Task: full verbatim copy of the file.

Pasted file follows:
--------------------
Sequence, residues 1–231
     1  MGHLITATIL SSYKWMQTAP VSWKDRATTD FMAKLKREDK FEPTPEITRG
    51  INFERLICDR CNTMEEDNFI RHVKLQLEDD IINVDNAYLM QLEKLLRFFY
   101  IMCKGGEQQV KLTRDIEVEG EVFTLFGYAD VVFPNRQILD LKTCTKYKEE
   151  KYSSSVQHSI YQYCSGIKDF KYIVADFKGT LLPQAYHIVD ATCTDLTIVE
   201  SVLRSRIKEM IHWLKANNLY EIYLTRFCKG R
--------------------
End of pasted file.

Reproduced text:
Sequence, residues 1–231
     1  MGHLITATIL SSYKWMQTAP VSWKDRATTD FMAKLKREDK FEPTPEITRG
    51  INFERLICDR CNTMEEDNFI RHVKLQLEDD IINVDNAYLM QLEKLLRFFY
   101  IMCKGGEQQV KLTRDIEVEG EVFTLFGYAD VVFPNRQILD LKTCTKYKEE
   151  KYSSSVQHSI YQYCSGIKDF KYIVADFKGT LLPQAYHIVD ATCTDLTIVE
   201  SVLRSRIKEM IHWLKANNLY EIYLTRFCKG R